Boardman motorsports park construction moves forward
by Bend Weekly News Sources
BOARDMAN, Ore. -- Construction of Pacific Northwest Motorsports Park (PNMP), motorsports country club, the first phase in Boardman's planned Speedway Activity District development will move forward at a brisk pace now that the preliminary requirements for construction at the site have been met.
Behind the scenes, Michael Runyon, AIA Director of Development and David Allen, General Counsel have been working with Morrow County officials to incorporate the 2002 Decisions of State Law and Oregon State Senate Bills 1094 and 665 into the Morrow County Code of law. Adopted without appeal, the legislation that approved the development of a motorsports activity district in Boardman and the necessary zoning changes on the acreage for the development provides the legal foundation needed to begin construction on the motorsports complex.
County officials also moved forward on the approval of a 50-year master plan for the expansion of the Boardman Airport. Part of the overall vision plan for the motorsports destination resort, the plan received approval from the Morrow County Planning Commission and moved through the County Court hearing process without opposition. Now in the midst of a mandatory 21-day appeal period, the final decision on the airport plan is expected in the second week of April.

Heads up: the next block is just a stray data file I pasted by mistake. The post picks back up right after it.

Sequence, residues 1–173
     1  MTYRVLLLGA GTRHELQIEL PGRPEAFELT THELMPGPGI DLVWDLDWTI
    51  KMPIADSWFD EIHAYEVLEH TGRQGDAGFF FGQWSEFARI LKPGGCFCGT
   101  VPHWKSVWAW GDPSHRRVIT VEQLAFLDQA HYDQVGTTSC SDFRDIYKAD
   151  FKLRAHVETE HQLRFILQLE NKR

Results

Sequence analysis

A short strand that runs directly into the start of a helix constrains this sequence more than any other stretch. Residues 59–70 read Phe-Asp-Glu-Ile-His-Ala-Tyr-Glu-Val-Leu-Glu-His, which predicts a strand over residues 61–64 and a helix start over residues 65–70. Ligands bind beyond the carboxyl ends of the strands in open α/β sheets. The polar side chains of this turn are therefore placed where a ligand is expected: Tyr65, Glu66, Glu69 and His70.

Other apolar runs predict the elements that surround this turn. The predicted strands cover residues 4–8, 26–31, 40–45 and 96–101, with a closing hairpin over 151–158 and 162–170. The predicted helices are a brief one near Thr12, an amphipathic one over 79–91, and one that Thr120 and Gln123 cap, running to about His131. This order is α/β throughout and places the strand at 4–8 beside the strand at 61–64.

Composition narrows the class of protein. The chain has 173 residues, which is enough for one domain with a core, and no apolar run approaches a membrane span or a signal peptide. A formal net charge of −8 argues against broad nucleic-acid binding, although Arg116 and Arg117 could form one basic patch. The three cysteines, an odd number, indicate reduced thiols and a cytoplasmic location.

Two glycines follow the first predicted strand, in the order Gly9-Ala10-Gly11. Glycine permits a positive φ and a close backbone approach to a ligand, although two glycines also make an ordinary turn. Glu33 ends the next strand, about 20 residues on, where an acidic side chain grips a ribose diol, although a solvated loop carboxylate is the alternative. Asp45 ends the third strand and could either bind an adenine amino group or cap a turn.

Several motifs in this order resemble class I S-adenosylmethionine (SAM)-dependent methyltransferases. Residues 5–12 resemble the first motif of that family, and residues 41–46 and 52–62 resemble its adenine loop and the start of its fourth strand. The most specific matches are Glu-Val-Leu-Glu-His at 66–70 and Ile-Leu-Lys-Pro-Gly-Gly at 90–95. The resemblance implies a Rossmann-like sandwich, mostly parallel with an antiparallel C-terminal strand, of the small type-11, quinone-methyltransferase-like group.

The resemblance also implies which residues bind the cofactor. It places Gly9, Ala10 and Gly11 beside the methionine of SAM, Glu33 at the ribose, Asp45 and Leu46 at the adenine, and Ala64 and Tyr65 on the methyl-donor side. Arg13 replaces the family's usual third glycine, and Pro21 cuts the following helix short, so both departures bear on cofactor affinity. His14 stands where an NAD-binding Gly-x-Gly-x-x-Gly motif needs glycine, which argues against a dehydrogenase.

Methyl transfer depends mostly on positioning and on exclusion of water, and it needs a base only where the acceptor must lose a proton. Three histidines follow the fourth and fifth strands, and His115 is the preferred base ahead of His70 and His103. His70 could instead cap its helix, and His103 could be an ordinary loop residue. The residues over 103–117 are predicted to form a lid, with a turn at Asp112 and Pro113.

In January and February, a number of essential pre-construction activities were completed at the site including: The rough layout of the club's 6.0-plus mile road course, geotechnical soil analyses, and placement of the access service roads.
Surveyors completed staking the preliminary layout for all three connecting road courses using different colored flags every 100 feet to mark the course centerline and elevations.
State mandated seismic testing and a geotechnical soil investigation and analysis were completed. Thirty-one test pits and eight borings were dug across the site to provide a full analysis of the ground below the surface of the course area, and an evaluation of the seismic activity in areas designated for the six-story club house and grandstand areas.
Eight-plus miles of access service roads, boarding the I-84 freeway and Tower Road Interchange Site were rough-cut into the 1,482-acre site.
The next steps include: A site visit by course designers to walk the course, evaluate track layout and make adjustments to the course as necessary, detailed site development planning, County Site Development Review and development of rough grading of the site access road system and road course bid packages.
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